When to Take the Patient Off the Table: FFR-Guided PCI Not Non-Inferior to CABG in 3-Vessel Disease

Data presented at the Transcatheter Cardiovascular Therapeutics (TCT2021) conference and published in the New England Journal of Medicine found that among individuals with three-vessel coronary artery disease, percutaneous coronary intervention (PCI) guided by FFR (fractional flow reserve) was not non-inferior to coronary artery bypass graft surgery (CABG).1

FFR allows for nuanced assessment of intermediate severity coronary artery stenoses by adding physiologic flow data and predicting clinical relevance of angiographically significant stenoses. FFR invasively assesses the hemodynamic impact of a coronary disease, thereby adding to the anatomic assessment made by coronary angiography, to determine the utility of revascularization. However, recent data has not uniformly shown FFR to have mortality benefit over an angiography-guided revascularization strategy.2

The FAME-3 Study

The FAME-3 investigators, led by Drs. William Fearon and Frederik Zimmerman, assessed whether FFR-guided PCI was non-inferior to CABG in 1,500 patients for a composite endpoint of death from any cause, myocardial infarction, stroke, or repeat revascularization at one year. They excluded patients with recent ST-segment elevation myocardial infarction, cardiogenic shock, and a left ventricular ejection fraction under 30%. Of note, trial participants had a mean age of 65 years and were predominantly male (~82%) and white (~93%), raising concern for external validity to the broader national and international population.

The study demonstrated a hazard ratio of 1.5 for the primary composite outcome in FFR-guided PCI (10.6% event rate) vs. CABG (6.9% event rate), rebutting the hypothesis of non-inferiority of PCI in this population. In secondary analysis, results were particularly pronounced among individuals with higher SYNTAX scores, diabetes, prior PCI, and age <65 years. The CABG group did experience a statistically significant increase in major bleeding, AKI, clinically significant arrhythmia, and rehospitalization within 30 days.

Of note, only 11% of patients underwent intracoronary imaging during PCI, substantially below the modern standard of care. Intracoronary imaging, including intravascular ultrasound and optical coherence tomography, may guide stent landing zones, detect stent malposition, and maximize stent expansion. Meta-analyses have demonstrated reduction in major adverse cardiac events, repeat revascularization, and restenosis with the use of intracoronary imaging.3,4 Future studies may seek to increase of intracoronary imaging in PCI.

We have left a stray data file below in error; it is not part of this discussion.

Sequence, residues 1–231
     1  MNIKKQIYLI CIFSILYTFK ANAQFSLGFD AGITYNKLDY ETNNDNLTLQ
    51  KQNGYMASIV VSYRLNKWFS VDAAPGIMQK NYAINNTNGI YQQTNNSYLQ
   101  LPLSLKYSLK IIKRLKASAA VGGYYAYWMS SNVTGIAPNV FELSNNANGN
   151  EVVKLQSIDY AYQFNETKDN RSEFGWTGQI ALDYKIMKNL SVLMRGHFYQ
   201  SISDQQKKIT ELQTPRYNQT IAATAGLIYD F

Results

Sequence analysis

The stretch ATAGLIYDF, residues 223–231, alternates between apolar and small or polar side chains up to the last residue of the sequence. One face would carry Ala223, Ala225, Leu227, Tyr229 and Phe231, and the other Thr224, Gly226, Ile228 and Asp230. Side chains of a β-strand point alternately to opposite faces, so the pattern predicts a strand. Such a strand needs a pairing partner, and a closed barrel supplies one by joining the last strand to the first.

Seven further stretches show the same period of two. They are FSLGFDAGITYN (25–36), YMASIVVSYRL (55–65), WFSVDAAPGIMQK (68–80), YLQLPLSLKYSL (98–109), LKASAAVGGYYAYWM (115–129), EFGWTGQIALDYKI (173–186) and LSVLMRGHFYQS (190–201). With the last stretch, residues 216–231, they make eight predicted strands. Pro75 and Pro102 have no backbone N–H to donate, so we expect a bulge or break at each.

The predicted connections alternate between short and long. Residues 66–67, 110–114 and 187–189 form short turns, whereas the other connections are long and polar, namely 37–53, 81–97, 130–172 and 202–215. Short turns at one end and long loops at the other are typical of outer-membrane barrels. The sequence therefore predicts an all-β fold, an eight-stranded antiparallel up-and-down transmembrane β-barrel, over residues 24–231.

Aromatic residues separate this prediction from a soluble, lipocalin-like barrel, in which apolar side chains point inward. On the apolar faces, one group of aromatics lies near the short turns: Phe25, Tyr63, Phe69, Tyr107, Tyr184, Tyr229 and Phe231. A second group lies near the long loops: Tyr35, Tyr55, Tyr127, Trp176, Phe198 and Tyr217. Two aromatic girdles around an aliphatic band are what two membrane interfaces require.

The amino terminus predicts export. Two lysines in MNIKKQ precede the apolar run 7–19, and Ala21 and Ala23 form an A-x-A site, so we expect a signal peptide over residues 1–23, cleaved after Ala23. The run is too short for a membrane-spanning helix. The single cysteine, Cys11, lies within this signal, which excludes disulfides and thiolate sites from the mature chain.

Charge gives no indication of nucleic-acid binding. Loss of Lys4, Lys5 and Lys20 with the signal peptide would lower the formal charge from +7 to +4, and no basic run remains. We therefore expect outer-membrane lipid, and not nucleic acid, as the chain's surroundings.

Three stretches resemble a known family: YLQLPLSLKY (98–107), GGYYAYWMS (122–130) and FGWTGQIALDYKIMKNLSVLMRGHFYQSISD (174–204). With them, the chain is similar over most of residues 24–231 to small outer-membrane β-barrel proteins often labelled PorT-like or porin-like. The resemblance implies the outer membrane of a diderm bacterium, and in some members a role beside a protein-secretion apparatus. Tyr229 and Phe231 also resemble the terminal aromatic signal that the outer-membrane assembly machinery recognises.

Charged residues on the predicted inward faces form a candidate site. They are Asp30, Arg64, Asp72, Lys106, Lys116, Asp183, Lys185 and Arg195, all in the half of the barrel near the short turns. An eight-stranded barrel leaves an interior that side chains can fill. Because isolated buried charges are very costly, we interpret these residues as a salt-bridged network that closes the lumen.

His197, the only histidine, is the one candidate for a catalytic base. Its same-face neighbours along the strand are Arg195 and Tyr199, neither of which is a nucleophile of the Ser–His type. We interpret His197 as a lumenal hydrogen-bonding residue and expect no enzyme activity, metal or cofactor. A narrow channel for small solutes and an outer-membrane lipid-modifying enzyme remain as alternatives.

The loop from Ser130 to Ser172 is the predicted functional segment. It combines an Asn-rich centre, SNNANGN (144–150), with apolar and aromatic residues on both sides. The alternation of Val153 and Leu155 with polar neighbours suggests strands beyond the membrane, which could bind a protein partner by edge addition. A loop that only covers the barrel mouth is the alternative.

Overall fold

The investigators provide compelling evidence that for individuals with three vessel coronary artery disease, particularly in diabetic and lower surgical risk patients, CABG remains the preferred revascularization strategy. Despite short-term increases in major bleeding and arrhythmia with CABG, one year data continues to favor CABG for more complex coronary artery disease. Consistent with prior data, subgroup analysis showed that PCI in those with lower coronary disease complexity (as determined by SYNTAX score) may have a role, particularly in those with high surgical risk, though this remains hypothesis generating.

Notably FAME-3 was not designed to test the superiority of either revascularization approach. In practice, the management of complex coronary disease benefits from engaging an experienced multidisciplinary team and shared decision-making with patients.

References

  1. Fearon WF, Zimmerman FM, et al. Fractional Flow Reserve-Guided PCI as Compared with Coronary Bypass Surgery. N Engl J Med. 2021 Nov 4. doi:10.1056/NEJMoa2112299. Online ahead of print.
  2. Puymirat E, et al. Multivessel PCI Guided by FFR or Angiography for Myocardial Infarction. N Engl J Med. 2021 Jul 22;385(4):297-308.
  3. Casella G, et al. Impact of intravascular ultrasound-guided stenting on long-term clinical outcome: a meta-analysis of available studies comparing intravascular ultrasound-guided and angiographically guided stenting. Catheter Cardiovasc Interv. 2003;59:314-21.
  4. Parise H, et al. Meta-analysis of randomized studies comparing intravascular ultrasound versus angiographic guidance of percutaneous coronary intervention in pre-drug-eluting stent era. Am J Cardiol. 2011;107:374-82.